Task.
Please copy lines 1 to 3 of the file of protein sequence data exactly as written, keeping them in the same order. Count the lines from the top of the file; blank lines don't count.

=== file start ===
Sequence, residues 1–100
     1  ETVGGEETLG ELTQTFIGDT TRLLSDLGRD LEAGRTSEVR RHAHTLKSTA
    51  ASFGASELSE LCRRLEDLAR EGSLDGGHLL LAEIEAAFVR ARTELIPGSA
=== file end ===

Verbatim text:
Sequence, residues 1–100
     1  ETVGGEETLG ELTQTFIGDT TRLLSDLGRD LEAGRTSEVR RHAHTLKSTA
    51  ASFGASELSE LCRRLEDLAR EGSLDGGHLL LAEIEAAFVR ARTELIPGSA